Pluto’s atmosphere is predicted to ultimately collapse and freeze over, new research has found.
University of Tasmania astronomers joined an international collaboration for the 28-year study of Pluto’s atmosphere and its evolution.
The research, ‘Pluto’s lower atmosphere and pressure evolution from ground-based stellar occultations, 1988-2016’, was published in Astronomy and Astrophysics.
Associate Professor Andrew Cole from the University’s School of Natural Sciences, together with colleagues including Drs Kym Hill, Barry Giles, and the late John Greenhill, worked with researchers from more than eight countries across almost three decades to compile and analyse the data.
The Tasmanian astronomers used observations from the 1.3 metre-Harlingten telescope at the Greenhill Observatory.
Pluto is the smallest, coldest and most distant dwarf planet with an atmosphere in the Solar System. Pluto orbits the Sun every 248 years, and its surface temperature is between -228 to -238 degrees Celsius. Its atmosphere consists of nitrogen, with traces of methane and carbon monoxide.
“The University’s scientists have been working on Pluto’s atmosphere since the 1980s, and our ambition has always been to gain a better understanding of the atmosphere’s evolution,” Dr Cole said.
“Together with national and international colleagues, we were able to construct seasonal models of Pluto and how it responds to changes with the amount of sunlight it receives as it orbits the Sun.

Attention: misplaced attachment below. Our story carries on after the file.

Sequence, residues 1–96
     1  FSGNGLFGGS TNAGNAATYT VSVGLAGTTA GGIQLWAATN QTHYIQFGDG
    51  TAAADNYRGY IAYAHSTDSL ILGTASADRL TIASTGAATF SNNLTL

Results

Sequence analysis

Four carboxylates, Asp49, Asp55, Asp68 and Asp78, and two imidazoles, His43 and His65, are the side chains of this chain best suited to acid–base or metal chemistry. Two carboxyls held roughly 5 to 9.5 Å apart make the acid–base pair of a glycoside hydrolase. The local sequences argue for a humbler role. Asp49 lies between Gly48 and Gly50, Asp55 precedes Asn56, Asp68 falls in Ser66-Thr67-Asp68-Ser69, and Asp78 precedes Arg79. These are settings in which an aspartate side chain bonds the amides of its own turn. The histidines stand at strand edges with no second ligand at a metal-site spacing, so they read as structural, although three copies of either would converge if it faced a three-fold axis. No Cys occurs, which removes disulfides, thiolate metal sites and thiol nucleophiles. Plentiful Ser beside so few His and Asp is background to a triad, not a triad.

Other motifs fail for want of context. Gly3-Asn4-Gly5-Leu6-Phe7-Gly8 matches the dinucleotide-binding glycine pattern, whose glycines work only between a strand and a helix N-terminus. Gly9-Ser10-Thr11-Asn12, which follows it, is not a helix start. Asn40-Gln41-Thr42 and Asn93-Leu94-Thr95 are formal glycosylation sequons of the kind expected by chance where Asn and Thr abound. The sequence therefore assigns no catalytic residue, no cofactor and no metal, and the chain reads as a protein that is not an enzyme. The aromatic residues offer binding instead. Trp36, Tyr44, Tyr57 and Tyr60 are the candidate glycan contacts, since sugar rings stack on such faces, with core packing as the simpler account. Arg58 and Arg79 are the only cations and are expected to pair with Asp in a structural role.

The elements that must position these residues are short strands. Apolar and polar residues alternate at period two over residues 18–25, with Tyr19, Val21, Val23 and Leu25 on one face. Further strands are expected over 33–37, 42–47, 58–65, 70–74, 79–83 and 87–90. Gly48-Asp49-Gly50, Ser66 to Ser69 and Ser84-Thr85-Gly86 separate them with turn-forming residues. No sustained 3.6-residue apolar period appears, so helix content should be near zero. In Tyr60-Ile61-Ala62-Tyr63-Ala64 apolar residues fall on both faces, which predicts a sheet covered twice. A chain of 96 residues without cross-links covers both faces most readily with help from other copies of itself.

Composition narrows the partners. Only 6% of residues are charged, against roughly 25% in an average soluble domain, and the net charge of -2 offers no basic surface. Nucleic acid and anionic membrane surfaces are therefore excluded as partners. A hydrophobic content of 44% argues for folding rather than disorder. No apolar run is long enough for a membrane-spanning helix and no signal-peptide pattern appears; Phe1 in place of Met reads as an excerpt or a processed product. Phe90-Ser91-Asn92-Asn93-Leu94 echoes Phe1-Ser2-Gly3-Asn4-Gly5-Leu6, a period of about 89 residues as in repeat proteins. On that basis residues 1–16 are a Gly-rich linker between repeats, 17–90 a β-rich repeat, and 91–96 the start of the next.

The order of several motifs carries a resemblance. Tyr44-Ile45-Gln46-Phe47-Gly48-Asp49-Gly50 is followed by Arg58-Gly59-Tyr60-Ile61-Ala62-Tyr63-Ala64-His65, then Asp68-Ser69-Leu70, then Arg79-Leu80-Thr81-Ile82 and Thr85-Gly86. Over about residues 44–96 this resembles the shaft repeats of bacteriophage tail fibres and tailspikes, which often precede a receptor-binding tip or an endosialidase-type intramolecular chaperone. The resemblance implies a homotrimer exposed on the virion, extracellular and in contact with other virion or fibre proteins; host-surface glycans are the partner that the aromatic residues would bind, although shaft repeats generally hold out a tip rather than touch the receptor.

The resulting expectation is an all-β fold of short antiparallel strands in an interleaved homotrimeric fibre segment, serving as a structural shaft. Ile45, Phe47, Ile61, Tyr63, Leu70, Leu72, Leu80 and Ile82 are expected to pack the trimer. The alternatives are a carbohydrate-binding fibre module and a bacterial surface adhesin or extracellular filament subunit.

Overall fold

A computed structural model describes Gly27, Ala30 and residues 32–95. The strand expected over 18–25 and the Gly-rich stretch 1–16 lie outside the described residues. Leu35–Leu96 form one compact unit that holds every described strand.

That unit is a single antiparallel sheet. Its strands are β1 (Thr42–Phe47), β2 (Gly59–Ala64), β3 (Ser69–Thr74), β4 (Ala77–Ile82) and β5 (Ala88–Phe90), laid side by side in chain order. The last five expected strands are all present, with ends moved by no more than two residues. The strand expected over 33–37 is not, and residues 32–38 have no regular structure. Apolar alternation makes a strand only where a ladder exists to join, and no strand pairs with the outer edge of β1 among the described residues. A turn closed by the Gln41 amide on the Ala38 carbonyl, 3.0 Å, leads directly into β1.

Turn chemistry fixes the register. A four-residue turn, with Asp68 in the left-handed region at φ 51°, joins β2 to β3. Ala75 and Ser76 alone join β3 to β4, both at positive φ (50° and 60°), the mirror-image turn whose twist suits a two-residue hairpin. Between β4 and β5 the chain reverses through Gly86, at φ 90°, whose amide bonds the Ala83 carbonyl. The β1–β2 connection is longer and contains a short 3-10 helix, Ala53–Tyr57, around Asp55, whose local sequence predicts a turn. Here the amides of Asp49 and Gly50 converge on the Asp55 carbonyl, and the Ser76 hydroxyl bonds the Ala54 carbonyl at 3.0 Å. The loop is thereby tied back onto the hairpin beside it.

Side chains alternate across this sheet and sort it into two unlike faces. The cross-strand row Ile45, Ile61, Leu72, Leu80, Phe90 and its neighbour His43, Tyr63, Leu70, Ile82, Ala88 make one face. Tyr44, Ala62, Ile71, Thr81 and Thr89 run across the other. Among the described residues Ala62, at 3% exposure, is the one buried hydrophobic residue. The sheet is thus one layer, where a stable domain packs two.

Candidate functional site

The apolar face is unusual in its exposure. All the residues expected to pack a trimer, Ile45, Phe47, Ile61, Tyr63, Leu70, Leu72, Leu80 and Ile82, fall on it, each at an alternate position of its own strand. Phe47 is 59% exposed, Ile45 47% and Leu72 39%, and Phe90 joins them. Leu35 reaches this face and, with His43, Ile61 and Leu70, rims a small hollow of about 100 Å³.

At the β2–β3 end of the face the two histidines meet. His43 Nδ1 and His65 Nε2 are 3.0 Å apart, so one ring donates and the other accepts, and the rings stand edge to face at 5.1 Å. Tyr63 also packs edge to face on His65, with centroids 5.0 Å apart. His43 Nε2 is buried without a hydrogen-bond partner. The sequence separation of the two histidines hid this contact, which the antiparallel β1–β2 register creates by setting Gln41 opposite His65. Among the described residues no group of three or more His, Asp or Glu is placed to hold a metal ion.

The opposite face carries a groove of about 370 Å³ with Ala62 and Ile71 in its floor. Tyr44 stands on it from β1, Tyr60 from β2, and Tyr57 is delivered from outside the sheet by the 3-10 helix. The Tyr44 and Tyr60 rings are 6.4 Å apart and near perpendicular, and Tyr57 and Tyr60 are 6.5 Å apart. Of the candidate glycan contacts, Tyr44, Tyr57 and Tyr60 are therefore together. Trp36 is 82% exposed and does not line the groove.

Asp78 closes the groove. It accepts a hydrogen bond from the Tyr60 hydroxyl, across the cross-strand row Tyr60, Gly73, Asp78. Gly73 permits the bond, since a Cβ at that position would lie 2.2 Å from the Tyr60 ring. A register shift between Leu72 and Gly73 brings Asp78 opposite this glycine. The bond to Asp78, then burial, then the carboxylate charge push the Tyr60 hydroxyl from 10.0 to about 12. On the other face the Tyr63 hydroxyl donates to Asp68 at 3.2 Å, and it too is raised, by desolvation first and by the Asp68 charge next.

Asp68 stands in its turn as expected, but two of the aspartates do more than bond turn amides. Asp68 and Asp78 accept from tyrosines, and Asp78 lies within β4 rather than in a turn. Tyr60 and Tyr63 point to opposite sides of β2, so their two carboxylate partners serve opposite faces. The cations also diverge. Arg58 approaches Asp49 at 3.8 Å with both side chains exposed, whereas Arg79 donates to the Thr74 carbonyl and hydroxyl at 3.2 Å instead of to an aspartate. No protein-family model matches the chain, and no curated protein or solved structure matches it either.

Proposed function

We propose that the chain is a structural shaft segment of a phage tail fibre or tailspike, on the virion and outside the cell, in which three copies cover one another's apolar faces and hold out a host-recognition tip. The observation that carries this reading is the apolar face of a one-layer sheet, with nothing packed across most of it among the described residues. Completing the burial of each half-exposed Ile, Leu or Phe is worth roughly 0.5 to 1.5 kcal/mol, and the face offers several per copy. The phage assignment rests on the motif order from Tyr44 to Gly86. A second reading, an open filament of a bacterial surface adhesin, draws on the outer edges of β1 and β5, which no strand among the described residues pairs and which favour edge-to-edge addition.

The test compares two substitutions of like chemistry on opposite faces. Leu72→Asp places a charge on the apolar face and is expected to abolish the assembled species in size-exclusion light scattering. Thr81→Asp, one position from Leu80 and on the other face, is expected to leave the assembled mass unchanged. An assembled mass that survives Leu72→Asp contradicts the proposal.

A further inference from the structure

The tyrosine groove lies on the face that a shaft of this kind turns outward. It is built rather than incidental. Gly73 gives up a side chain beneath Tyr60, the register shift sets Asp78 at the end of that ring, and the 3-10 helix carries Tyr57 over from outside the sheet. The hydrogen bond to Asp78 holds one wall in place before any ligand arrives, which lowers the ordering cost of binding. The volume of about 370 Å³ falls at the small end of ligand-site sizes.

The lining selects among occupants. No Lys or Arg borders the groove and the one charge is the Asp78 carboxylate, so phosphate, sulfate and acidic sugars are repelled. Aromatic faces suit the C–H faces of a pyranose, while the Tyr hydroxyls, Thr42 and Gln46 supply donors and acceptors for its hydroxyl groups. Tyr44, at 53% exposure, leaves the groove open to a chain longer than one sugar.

“What the study found was when Pluto is farthest away from the Sun, and during its Winter in the Northern Hemisphere, nitrogen freezes out of the atmosphere.
“The atmospheric pressure has tripled over the past three decades, but as the planet orbits, our modelling showed that most of the atmosphere would condense out to almost nothing left.
“What our predictions show is that by 2030 the atmosphere is going to frost out and vanish around the whole planet.”
The international study aimed to record the seasonal evolution of Pluto’s surface pressure by observing ground-based stellar occultations to gain the atmosphere’s profile including density, pressure and temperature.
A ground-based stellar occultation occurs when a planet passes in front of a background star, allowing astronomers to measure the absorption of starlight by the planet’s atmosphere. They can only do this if they are lucky enough to position their telescopes along the path traced out by the planet’s shadow, which passes over a given spot on the Earth’s surface for just a minute or two.
“If it does freeze over, Pluto may appear brighter in the sky due to sunlight reflecting,” Dr Cole said.
The study’s results were also used in comparison with NASA’s New Horizons mission which gathered data during a flyby study of Pluto in 2015.
“The striking red terrain seen in the New Horizons images could fade away if they are snowed under with nitrogen frost,” Dr Cole said.
“This research has been crucial in furthering our understanding of Pluto and testing what we know about atmospheres, ices, and climate at extreme conditions.”